I have yet to find an area code that doesn't work.

Every time I go to the grocery store I use a different area code, only to be amused by what name the person used for that number.

Lib said...

way to cop and attitude at Great Clips :)

I've decided to ban facebook from my life for a while because i, too, waste entirely too much time on there.

and, yes, i am discovering the nasty world of "insurance," now that chris and i are "civilians" this year and are no longer covered by the military. i'm realizing how good we had it with the free health care in the military. i could get unlimited prescriptions filled for EXPENSIVE drugs like Zofran (an anti nausea drug KEY for pregnancy!...$300 for 15 pills) all for NO COST. this isn't the case anymore. now we have a $5000 deductible!!! welcome to the real world i guess.

i hate marketers and advertisers and their uncanny ability to make you think you need something that you don't! i'm SO easily sucked in.

Jenn said...

I wonder how we're supposed to protect ourselves from identity theft when the world keeps asking for SSN's all the time. Makes no sense to me.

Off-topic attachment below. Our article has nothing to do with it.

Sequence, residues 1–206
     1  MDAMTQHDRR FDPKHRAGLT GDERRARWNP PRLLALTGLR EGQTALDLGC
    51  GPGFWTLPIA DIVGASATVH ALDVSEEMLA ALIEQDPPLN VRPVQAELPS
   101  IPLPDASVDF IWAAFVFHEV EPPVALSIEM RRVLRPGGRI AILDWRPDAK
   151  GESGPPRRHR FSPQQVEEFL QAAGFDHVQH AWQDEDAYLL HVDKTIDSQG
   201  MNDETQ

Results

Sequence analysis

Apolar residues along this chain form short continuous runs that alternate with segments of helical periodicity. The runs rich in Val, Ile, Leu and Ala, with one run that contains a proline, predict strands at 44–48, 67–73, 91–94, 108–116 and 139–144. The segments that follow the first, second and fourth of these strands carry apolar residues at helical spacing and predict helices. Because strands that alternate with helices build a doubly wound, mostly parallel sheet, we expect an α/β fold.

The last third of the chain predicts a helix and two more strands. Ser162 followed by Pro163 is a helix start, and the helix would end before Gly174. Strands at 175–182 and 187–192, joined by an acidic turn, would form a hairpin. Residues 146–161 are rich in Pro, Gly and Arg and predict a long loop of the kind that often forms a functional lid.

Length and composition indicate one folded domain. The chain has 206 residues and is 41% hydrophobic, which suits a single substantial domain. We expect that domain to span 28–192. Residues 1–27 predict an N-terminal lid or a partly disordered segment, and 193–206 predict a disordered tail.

Good luck with health-insurance too. Finding good coverage at a reasonable price is virtually impossible.

ella said...

Can you piggy back on your firms health insurance and just pay the premiums? We have Healthnet here and it's pretty reasonable.

icadle said...

I bet they didn't give you a good haircut because you coped a 'tude!

And I haven't even noticed the ads on gmail...interesting. Being a tad oblivious isn't always such a bad thing...

Ally said...

Ella: I could use the firm's insurance (and pay my premium), but the premium would be higher than what I could obtain on my own.

bMoles said...

Reading both this blog and the comments as both a retail salesman and a marketing major, I have to take everything with a grain of salt. We ask for name, phone number, and address with every sale we make for warranty purposes. We have several customers that complain about it, but they get over it. Our credit card machine also requires an address so they can verify it upon charging the card.

As far as marketers and advertisers making people want something they don't need, they're just doing their job (and obviously they're doing it well if you begin to want things you don't need).

Longest. blog. comment. ever.

Still just me said...

What I don't understand is why the school district wants my child's SS#? Not only do they ask for her's, but all other children in the home.

I refuse to give it to them, and so far, no one has given me any hassle over it.

TC said...

All of these annoy me as well. And we wonder why we have Identity theft issues here in the states when countries in Europe don't have them? (Well, rarely anyway.)

Sara Jane said...

I hate the stupid cards that every retailer uses to track your purchases...the drug store, grocery, hallmark. I refuse to use them, and when the cashier won't scan a card, I just ask the person behind me!